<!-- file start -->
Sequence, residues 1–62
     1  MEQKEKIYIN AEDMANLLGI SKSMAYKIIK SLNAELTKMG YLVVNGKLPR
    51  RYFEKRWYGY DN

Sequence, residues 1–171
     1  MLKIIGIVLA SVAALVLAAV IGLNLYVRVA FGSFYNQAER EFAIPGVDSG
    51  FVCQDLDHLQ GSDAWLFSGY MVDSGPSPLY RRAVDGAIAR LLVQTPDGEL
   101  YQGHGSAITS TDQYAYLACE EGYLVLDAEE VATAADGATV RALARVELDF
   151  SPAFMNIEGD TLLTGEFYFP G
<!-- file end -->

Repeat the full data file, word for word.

Sequence, residues 1–62
     1  MEQKEKIYIN AEDMANLLGI SKSMAYKIIK SLNAELTKMG YLVVNGKLPR
    51  RYFEKRWYGY DN

Sequence, residues 1–171
     1  MLKIIGIVLA SVAALVLAAV IGLNLYVRVA FGSFYNQAER EFAIPGVDSG
    51  FVCQDLDHLQ GSDAWLFSGY MVDSGPSPLY RRAVDGAIAR LLVQTPDGEL
   101  YQGHGSAITS TDQYAYLACE EGYLVLDAEE VATAADGATV RALARVELDF
   151  SPAFMNIEGD TLLTGEFYFP G